“Mademoiselle, please help me!” The old woman’s hand trembles above the arm of the wheelchair.
I glance around the bustling hallway, noting all the nurses, technicians, and nurses’ aides. Nobody appears to have heard the plaintive cry.
“I beg you, take me to my room!”
“Where is your room?” I ask briskly, since I am in a hurry to get to my dad’s room in rehab.
“I don’t know,” she replies sorrowfully.
“This woman needs some assistance,” I announce loudly in the direction of the busy nurses’ station.
“Don’t pay any attention to her,” says the head nurse. “She’ll just keep asking.”
I push her down the hall and then back again, the old woman murmuring repeatedly, “Thank you, mademoiselle, you are so kind.” We look in each room as we pass. We see patients in wheelchairs or in their beds, eyes riveted to televisions. The rooms don’t look familiar to my charge. Finally, I wheel her back to the nurses’ station and park her there.
I don’t like seeing my dad, a fit World War II veteran with five Purple Hearts, in this place. It is filled with old people with blank expressions in their eyes, already far along the road to dementia. But my dad needs physical therapy after hip surgery.
The first day the physical therapist tells my dad to build a tower of Jenga blocks, and then remove one block. “I used to play this game with my kids,” I announce brightly, wondering what possible point there could be in this task.
“Now, read the question on the block,” says the 20-something therapist unctuously.
“What do you do if you have a prescription to be filled?” reads my dad. We exchange glances. “Let’s see,” muses my dad slowly, “Throw it in the trash?”
The therapist looks alarmed and wants to correct my father.
“He’s teasing,” I tell her, the two of us rolling our eyes.
Old folks in wheelchairs line the hallways; scowling nurses are busy not interacting with the patients. The physical therapists work diligently with their patients, but some of the tasks seem embarrassingly ridiculous. What is the point of pedaling a bicycle wheel with your hands? Still, my dad obeys. Patiently he pedals bicycle wheels with his hands, sits in a circle of wheelchairs during “group,” and dines with strangers wearing bibs.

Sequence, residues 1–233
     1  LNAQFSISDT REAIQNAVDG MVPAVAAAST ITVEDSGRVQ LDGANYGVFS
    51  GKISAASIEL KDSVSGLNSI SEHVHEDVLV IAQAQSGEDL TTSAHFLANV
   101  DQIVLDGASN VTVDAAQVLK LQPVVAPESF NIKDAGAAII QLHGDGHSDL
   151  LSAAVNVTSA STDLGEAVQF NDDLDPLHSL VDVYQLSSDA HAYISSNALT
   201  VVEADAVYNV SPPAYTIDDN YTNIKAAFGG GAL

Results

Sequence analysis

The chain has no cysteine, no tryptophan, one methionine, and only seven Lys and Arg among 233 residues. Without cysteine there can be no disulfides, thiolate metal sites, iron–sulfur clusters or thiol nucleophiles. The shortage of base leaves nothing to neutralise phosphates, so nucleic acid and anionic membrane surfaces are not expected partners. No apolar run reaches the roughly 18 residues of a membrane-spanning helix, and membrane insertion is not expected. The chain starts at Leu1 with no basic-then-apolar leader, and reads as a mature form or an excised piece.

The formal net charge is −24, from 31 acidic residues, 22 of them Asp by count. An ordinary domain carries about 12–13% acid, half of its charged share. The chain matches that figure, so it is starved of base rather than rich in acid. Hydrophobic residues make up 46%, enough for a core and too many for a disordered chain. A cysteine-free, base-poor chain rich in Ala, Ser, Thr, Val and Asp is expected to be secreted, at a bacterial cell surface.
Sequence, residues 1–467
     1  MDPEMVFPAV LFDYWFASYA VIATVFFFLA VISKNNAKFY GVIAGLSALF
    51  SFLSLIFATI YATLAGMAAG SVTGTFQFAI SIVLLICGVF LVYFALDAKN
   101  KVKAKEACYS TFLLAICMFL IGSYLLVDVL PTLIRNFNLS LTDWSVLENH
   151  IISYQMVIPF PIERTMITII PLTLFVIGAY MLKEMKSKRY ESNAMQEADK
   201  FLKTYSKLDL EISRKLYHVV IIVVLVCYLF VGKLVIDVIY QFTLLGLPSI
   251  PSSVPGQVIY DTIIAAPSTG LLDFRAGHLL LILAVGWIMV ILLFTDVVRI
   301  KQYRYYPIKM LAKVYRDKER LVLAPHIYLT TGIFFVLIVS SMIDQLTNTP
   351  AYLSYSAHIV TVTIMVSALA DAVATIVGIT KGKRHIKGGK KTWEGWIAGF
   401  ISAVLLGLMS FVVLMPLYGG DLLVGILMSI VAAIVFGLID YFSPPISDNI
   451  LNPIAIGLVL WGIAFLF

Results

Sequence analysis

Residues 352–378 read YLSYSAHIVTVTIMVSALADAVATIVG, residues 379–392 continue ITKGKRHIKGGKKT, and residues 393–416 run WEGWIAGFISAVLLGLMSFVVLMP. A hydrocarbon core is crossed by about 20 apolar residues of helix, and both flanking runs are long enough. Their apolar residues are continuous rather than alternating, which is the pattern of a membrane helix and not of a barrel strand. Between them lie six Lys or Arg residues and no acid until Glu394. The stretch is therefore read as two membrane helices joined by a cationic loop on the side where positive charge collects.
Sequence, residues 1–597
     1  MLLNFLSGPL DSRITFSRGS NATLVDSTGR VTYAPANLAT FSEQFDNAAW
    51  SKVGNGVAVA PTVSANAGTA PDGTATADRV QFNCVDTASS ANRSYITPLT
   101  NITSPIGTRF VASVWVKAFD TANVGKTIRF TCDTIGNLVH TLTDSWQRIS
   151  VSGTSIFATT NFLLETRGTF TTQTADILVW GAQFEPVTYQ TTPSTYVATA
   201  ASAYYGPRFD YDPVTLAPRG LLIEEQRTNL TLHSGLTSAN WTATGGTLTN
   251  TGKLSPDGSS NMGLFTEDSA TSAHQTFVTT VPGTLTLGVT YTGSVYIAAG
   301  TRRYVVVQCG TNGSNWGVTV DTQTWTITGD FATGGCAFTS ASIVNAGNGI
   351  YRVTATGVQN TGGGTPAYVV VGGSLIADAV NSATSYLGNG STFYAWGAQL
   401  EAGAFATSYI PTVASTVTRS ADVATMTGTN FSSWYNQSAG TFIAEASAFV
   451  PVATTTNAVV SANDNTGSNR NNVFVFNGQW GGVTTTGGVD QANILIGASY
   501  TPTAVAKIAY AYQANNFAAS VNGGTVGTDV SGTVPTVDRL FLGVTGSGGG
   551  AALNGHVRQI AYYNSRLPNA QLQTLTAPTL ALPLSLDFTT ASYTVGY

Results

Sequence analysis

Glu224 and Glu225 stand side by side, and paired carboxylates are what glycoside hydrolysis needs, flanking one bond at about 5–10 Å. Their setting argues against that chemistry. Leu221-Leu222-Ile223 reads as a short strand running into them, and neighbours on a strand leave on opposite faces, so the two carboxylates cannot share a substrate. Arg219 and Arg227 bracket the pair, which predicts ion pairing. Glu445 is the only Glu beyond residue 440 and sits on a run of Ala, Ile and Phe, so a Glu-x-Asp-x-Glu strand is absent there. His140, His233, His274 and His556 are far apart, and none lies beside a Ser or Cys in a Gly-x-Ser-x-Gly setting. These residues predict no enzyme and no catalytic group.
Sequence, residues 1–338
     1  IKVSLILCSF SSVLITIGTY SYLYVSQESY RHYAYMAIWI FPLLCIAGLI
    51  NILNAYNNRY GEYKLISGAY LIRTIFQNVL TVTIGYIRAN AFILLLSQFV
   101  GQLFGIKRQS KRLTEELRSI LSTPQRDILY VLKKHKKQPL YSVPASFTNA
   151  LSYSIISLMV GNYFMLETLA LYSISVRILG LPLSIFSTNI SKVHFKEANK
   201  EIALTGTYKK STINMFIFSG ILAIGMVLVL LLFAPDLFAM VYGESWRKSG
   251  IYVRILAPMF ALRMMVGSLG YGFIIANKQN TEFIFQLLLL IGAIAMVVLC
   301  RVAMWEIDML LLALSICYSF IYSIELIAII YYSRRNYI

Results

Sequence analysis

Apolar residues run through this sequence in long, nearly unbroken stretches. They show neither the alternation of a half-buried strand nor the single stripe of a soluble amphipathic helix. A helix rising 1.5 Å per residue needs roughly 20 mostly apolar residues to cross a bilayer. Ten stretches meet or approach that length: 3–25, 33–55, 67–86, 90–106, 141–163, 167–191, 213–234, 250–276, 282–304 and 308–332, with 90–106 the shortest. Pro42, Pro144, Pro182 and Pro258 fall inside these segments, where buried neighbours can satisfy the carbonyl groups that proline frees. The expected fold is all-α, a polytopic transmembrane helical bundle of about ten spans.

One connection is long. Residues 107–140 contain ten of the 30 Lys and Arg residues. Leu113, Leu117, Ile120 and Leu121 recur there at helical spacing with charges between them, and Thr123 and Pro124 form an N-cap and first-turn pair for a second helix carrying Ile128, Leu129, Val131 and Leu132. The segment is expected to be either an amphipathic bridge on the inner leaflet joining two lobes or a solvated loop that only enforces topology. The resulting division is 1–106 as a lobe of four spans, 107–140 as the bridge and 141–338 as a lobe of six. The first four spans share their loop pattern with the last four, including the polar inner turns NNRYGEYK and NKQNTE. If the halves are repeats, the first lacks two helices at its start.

“Let’s go have a drink,” suggests my dad hopefully at the cocktail hour.
We meet George at the dinner table. He used to be a dentist. Now he spends his days in a wheelchair in rehab.
“At least you’re in a walker,” wheezes the heavy-set man. “If I were in a walker, I’d be out of here.”
I mention that I went to Mass today, and a lady from church would bring Communion.
“I used to go to Mass with my first wife,” announces the large dentist. George has two sons who live nearby, but they never visit him. Nor do the previous wives. He remarks sarcastically, “We get along better when we don’t see each other.” Sarcasm hides the hurt. Nobody ever visits him.
For most of our lives, we take for granted that we are in charge. We empower ourselves — to work, to study, to read, to walk across the room. We go about our business, never really reflecting on our dependence on God — or our dependence on one another. When God sends out the invitation to the wedding banquet — Behold, everything is ready; come to the feast — we ignore Him. We’ve got work to do, the house to take care of, kids to raise.
But holiness, the saints tell us, means depending on God. And we are all called to holiness.
The elderly in the nursing home and the rehab facility are no longer able to live with the illusion of independence. They need someone to make them a meal, take them to the bathroom, find their room for them, and remind them what day and year it is.
“What day is it today?” the doctor asks my dad.
“I don’t remember,” says my dad. I point out that I don’t know, either. The doctor glares at me.
“Who is the President of the United States?”
My dad frowns. “Well, it’s not Clinton, that’s for sure.”
“And what year is it?”
“1988?” asks my dad apprehensively.
“And what is my name?”
My dad has no clue.
Take, Lord, and receive, all my memories, prayed St. Ignatius. All my liberty, my memory, my understanding, and my entire will.
I cannot say this prayer. I am attached.
Yet the ties that bind us to the world are slowly, nearly imperceptibly, snipped, like the gradual erosion of a once-bountiful field plowed too many times, now incapable of bringing forth new life. The gourmet cook, whose gnarled fingers can no longer hold a cooking spoon, the athlete now confined to a walker, the painter whose eyes are clouded and dimmed.
Our attachments — some big, some small — are wrested from us. The career, the children, even the memories. Willingly or not, we detach from the things of this world, in preparation for the next. Maybe that’s what the Scripture passage is about: “The kingdom of heaven suffers violence, and the violent are taking it by force” (Mt 11:12).
Take, Lord, and receive.